Contemporary Chinese Art, One Financial Crisis Later

France 24 reports on how the global financial crisis has affected contemporary Chinese art.

China’s contemporary -market bubble has burst. After becoming one of the hottest things in the world over the last decade, galleries are now struggling to sell pieces, works are failing to reach minimums at auction, and artists are having to rethink their choice of career.

Many had expected a slowdown in the market after years of explosive growth, but the slump currently hitting the global economy has had a much bigger impact than anyone had foreseen.

“I think the biggest change in the Chinese art world has come from the US financial crisis,” said Qin Feng, founder of the Museum of Contemporary Art, Beijing. “It has been like a tsunami. It has had a major impact on Oriental art and Asian art in general. I know two or three large exhibitions which have had to be postponed, and I have also had to postpone showings.”

Astronomical speculation led to the expansion of the contemporary art bubble. From Bloomberg:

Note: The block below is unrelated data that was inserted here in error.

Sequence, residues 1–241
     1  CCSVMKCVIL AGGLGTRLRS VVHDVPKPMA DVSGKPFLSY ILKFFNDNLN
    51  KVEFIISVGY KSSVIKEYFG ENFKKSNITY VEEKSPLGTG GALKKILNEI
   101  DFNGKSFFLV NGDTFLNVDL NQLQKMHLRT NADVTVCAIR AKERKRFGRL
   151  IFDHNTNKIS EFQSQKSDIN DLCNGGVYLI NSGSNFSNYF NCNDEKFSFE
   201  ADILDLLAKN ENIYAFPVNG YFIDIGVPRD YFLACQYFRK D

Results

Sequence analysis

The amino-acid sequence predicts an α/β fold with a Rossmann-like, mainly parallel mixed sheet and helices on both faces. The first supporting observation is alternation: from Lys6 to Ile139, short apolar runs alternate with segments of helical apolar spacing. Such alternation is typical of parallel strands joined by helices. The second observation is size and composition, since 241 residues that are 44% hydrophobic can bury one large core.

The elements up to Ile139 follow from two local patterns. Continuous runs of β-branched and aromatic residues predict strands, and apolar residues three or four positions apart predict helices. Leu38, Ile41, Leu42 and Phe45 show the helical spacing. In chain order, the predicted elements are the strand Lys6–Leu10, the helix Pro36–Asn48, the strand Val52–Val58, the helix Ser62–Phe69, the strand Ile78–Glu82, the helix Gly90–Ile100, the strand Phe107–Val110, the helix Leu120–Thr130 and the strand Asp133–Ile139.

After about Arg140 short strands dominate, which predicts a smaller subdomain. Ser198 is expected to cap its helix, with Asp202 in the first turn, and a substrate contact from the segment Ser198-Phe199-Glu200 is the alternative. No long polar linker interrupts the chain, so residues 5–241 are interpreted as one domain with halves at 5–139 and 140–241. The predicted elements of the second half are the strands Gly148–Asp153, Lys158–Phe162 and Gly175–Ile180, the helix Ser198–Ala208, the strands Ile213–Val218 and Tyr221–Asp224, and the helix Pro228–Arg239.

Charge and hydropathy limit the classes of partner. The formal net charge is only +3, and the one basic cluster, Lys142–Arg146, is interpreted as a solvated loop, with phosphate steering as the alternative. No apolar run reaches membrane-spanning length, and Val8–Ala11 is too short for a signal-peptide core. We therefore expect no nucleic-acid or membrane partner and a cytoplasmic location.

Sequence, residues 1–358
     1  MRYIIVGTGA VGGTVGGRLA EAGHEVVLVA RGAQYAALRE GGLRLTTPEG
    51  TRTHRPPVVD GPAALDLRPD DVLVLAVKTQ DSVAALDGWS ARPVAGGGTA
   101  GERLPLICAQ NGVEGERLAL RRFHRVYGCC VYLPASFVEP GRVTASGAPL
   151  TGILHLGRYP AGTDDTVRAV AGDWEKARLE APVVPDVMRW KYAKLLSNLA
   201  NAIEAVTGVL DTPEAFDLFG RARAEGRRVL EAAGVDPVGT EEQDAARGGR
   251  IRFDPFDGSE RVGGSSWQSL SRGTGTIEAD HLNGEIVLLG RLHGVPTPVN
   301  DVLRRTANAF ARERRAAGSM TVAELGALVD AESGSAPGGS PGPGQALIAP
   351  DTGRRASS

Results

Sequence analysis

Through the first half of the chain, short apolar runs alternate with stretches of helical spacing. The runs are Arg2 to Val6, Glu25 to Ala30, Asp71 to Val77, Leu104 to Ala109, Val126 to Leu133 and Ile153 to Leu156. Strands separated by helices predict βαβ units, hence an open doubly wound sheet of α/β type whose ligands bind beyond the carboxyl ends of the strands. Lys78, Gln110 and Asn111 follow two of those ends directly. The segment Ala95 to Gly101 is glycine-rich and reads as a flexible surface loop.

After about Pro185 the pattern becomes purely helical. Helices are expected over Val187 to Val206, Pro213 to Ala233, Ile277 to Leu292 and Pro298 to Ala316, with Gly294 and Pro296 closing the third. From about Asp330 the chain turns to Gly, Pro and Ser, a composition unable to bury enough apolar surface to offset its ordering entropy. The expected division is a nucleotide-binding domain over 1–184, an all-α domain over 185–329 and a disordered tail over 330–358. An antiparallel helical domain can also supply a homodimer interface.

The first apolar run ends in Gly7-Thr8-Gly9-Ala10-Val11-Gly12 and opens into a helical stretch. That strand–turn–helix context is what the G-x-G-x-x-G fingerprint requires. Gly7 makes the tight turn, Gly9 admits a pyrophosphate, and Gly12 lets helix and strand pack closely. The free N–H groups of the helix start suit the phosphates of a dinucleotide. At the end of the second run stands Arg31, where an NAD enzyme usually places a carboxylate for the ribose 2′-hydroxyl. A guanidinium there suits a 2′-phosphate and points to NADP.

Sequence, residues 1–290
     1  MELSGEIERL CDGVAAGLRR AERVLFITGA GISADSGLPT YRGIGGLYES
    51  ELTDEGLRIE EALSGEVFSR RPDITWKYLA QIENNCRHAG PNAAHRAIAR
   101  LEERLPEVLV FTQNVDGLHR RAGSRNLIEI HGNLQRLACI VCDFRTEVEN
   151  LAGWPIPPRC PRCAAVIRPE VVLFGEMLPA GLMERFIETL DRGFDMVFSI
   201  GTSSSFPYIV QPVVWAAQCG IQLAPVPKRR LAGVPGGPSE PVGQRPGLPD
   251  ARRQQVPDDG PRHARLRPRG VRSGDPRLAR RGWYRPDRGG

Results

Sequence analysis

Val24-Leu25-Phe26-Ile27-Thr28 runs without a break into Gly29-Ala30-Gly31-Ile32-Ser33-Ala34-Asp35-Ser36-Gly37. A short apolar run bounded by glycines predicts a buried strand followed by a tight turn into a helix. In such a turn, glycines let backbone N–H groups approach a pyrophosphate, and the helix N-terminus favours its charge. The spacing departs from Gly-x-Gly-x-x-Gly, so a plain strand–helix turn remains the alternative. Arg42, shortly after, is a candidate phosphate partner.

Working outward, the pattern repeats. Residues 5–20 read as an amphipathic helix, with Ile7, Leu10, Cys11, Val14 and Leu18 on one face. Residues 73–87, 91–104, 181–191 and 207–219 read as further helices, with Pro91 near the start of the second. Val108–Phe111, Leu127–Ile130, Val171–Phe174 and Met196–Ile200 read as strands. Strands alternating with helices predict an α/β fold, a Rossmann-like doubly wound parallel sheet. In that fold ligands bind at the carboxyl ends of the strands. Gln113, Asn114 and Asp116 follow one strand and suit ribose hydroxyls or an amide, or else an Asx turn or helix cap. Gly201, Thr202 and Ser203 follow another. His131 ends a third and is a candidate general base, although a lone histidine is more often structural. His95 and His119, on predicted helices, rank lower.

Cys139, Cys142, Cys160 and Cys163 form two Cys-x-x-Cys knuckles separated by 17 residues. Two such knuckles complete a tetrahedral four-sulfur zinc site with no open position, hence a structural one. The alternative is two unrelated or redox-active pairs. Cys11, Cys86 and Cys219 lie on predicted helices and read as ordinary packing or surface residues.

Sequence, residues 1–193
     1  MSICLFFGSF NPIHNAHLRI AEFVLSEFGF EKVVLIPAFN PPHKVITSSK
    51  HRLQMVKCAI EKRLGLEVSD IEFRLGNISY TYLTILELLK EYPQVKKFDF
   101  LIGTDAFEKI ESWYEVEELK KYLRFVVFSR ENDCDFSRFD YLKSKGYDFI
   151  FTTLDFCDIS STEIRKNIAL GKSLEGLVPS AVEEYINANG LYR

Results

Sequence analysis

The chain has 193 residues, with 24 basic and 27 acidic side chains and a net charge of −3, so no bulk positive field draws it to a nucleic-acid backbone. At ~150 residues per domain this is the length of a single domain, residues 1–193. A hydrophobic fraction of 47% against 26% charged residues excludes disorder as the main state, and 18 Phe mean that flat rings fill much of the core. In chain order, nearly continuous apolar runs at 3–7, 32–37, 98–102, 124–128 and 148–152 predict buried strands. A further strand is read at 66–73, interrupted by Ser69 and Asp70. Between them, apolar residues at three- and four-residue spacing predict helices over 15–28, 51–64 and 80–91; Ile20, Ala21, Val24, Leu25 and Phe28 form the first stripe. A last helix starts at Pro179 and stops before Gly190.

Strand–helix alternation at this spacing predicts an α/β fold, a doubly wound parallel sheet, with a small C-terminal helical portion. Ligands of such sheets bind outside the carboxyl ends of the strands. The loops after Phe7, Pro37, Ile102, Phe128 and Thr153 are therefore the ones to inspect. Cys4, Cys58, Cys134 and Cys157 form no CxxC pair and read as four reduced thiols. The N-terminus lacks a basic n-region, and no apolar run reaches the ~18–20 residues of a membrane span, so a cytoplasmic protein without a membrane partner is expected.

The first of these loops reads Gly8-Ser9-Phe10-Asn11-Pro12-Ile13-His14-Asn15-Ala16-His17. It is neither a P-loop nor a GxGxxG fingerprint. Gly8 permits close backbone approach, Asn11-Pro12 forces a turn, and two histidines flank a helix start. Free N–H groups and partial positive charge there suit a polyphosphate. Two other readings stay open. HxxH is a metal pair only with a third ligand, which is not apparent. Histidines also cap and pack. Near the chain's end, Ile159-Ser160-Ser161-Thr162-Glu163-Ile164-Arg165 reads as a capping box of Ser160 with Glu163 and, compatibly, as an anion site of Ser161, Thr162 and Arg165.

Chinese contemporary-art prices had shot up as much as 15 times in the past four years, largely on speculative trading. As liquidity dried up later in the year, scores of artworks went unsold.

Yet, it is also generally agreed that the financial crisis is conversely one of the best things to happen to the Chinese contemporary art scene. It is expected that creativity and innovation will once again be strongly reemphasized. From AFP:

“The prices were exaggerated. Young artists, still in school, were selling their paintings for 100,000 dollars,” said a gallery manager at 798. “It had lost touch with reality. The crisis will put this straight.”

[…]Meg Maggio, manager of Beijing Fine Arts in Caochangdi, another Beijing art district, agreed that the crisis could help rid the Chinese art market of some of its less savoury characteristics.

“In the end, the Chinese market will do well. It will emerge healthier and more locally focused,” she said.

“It is to be hoped that in the coming months the salons and galleries will become less commercial, more experimental and, in the final analysis, more exciting for the public and the collectors,” she said.

For more, see this China Daily article, and France 24‘s video report.

For an introduction to contemporary Chinese art, see the video below. In this 2008 video, Asia Society’s Melissa Chiu, Vice President of Global Art Programs and Museum Director of Asia Society, notes major themes and trends in contemporary Chinese art.



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